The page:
Poussin and the Dance

Milady, you promised me this dance

The Poussin on display at a new National Gallery Exhibition seems peculiarly suited for the times. The austere and inwardly focused artist has given way to reveal a more sensual man, with a great love of music, movement and the human body. 

Poussin is often called a Stoic painter. A learned scholar of classical antiquities: who, on setting out to paint a subject, read all he could from the ancient authors: who used the ancient remains in Rome as his models; and, whose paintings were taken after his death as the exemplars of classicism. 

In terms of art, he was a late bloomer and the great works of his maturity are those more thoughtful and famous works which created this reputation.

In his younger days he was more wild. Arriving in Rome at the age of 30, he was caught up in the heady intellectual and artistic excitement of the metropolis, after spending his twenties in the then relative cultural backwater of Paris. 

It was in this decade that Poussin’s art and life was transformed. The great Poussiniste Anthony Blunt wrote that he found his vocation at 35. 

The artist blossomed. Brought under the patronage and influence of important Roman intellectuals like Cassiano dal Pozzo, who aimed to create a paper museum of the different specimens of antiquity, arts and sciences.

The Realm of Flora, Nicholas Poussin

This period is perhaps best summed up by the Realm of Flora

The painting centres of the goddess Flora, dancing and handing out flowers as around her figures from Greek mythology die in various ways. Each death created a specific flower. Ajax’s death brought forth carnations, Clytile sunflowers, Adonis anemone blossom, Smilax bindweed and Narcissus and Hyacinth their own eponymous blooms.

The painting is also noticeable for the architectural details. A trellised walkway creates a visual focus but is cut off at the edge. Whilst a herm on the left watches mutely, in front of antique ruins whose masonry merge imperceptibly into geology.

“Her awarding hands can pluck for each their fragile prize.”

David Jones, In Parenthesis

In the foreground, the bodies writhe with physicality –  painful or pleasurable depending on the myth. 

It is the contrast between Flora’s light moves, the languid bodies and the solidity of the setting which drives the dramatic tension of the painting.

Triumph of Bacchus by Nicolas Poussin, Public Doman Google Cultural Institute

One of the triumphs of the exhibition is the reunion of three paintings commissioned by Cardinal Richelieu: The Triumph of Silenus, The Triumph of Pan and The Triumph of Bacchus. These sensuous, luxurious, sexy paintings were hung in the same room before being sold. The Triumph of Bacchus is now held by the Nelson-Atkins Museum of Art in Kansas City and the other two by the National Gallery.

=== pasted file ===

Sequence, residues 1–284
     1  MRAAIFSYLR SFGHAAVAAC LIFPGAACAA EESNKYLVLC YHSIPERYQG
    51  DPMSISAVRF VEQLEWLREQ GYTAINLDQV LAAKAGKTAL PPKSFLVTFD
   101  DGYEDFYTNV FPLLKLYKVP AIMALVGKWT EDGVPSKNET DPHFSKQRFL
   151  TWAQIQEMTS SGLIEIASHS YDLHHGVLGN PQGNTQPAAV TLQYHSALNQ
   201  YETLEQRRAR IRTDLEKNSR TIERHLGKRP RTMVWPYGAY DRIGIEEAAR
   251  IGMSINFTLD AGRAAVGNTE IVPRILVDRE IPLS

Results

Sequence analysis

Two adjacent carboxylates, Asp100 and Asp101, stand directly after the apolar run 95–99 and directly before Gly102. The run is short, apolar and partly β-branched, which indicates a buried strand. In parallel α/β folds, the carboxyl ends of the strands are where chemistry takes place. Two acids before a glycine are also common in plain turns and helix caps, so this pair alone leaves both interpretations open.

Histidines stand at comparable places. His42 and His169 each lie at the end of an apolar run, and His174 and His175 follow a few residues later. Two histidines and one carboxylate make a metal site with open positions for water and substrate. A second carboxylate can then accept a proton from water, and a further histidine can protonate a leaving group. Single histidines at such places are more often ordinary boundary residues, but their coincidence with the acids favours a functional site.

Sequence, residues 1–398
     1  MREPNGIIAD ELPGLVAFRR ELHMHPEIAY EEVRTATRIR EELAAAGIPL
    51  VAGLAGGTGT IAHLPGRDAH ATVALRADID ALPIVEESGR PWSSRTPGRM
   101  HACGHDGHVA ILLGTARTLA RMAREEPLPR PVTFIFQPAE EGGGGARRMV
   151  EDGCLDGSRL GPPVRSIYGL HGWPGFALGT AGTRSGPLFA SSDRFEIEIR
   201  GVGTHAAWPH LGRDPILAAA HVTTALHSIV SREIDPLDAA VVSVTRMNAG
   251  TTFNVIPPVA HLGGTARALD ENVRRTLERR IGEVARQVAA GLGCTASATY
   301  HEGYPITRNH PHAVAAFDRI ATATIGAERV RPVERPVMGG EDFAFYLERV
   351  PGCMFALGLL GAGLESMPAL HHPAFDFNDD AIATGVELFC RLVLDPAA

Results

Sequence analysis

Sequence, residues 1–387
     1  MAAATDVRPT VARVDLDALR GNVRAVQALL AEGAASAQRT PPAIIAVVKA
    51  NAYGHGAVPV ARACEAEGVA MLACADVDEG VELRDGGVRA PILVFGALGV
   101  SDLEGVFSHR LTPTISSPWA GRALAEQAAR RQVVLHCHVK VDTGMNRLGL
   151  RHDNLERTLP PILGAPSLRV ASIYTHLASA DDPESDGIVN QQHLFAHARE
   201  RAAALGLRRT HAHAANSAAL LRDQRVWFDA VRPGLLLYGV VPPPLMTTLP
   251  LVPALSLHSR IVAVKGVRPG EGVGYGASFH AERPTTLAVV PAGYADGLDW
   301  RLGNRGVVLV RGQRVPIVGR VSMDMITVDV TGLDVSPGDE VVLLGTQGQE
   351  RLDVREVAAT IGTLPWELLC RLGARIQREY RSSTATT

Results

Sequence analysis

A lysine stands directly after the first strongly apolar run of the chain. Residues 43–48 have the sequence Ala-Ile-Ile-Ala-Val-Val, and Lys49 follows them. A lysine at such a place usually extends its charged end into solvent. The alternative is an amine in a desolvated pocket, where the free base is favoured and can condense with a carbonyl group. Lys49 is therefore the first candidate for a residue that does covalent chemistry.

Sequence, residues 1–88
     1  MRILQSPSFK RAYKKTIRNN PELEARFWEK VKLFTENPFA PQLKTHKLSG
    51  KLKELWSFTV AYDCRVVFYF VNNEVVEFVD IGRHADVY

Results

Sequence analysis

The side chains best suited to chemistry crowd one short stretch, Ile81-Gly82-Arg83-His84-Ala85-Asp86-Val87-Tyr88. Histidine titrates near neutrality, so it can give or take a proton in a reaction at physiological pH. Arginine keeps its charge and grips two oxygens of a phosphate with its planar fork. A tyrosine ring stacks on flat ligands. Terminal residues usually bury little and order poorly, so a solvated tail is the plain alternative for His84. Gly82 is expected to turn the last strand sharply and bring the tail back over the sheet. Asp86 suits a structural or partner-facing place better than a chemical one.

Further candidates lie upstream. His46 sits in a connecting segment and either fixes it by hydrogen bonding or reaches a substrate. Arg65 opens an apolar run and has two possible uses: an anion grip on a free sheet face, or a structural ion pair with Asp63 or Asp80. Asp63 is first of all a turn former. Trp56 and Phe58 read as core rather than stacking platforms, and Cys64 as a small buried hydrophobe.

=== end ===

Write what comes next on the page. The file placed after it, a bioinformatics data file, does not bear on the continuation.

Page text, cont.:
The Triumph of Silenus was the first painting of Poussin purchased by the gallery in 1824. In the twentieth century it was wrongly identified as a copy of a lost original. Only recently has conservation and modern technical analysis revealed that it is almost certainly the work of Poussin.

Although the paintings are similar in colour and broad theme, the treatment is completely different. The almost imperial majesty of Bacchus sitting on a chariot in his Triumph painting contrasts with the Silenus, whose followers struggle to hold him up in his drunken stupor. 

Following the removal of discoloured varnish during restoration, the Silenus painting is brighter and richer with a subtle early autumnal light. Absolutely gorgeous.

Triumph of Silenus about 1636, Nicolas Poussin (Oil on canvas, 142.9 x 120.5 cm) ©The National Gallery, London

The exhibition is well designed for the times, with large spaces to help avoid crowds and allow people time to linger and study the works. The walls are painted in bright energetic primary colours which remain sympathetic to Poussin’s palette however, the lighting tends to shine off the protective glass and make it hard to see the details.

The Adoration of the Golden Calf, the great dramatic painting of almost volcanic reds and sombre dark clouds, portending the presence of G-d on Sinai, is blanched in the place yellow room. It looks much more dramatic in its usual space in the Gallery.

Dance to Music of Time, Nicolas Poussin, Public Domain

However, the effect comes to a stunning conclusion with a final room dedicated to Dance to Music of Time. Perhaps Poussin’s masterpiece, the one work which sums up his entire oeuvre. The room is painted in cerulean blue with well placed spot lighting, which picks out details without the glare in other rooms.

This painting shows four individuals dancing round to the tune of an old man playing a lyre. Around them are symbols of time’s impermanence. A janus herm, one child (putti) blowing bubbles and another child with an hour glass. Above them the sun’s chariot raises from the east. 

It is a painting which demands interpretation but also eludes it. 

The captions say that the painting is Poverty, Labour, Riches, and Pleasure. Each stage leads to the other in an endless cycle. Other interpretations identify them as the seasons. Most telling is the suggestive look of Pleasure (or Autumn) caught in the decisive moment before she turns to continue her dance.

It is this gap between intellectualism and understanding that is perhaps Poussin’s great achievement, something which many later artists have forgotten. The need for deep thought and engagement and the uncanny sense of understanding things on different levels.

Dance does the same thing. It is both a bodily act but an intellectual one, at a level deep within the souls – collective and individual – of its participants. Dancing to music, thinking deep questions or seeing great art we get deeper to the great question of what it means to ‘be’.

Poussin and the Dance, National Gallery (9 October 2021 – 2 January 2022)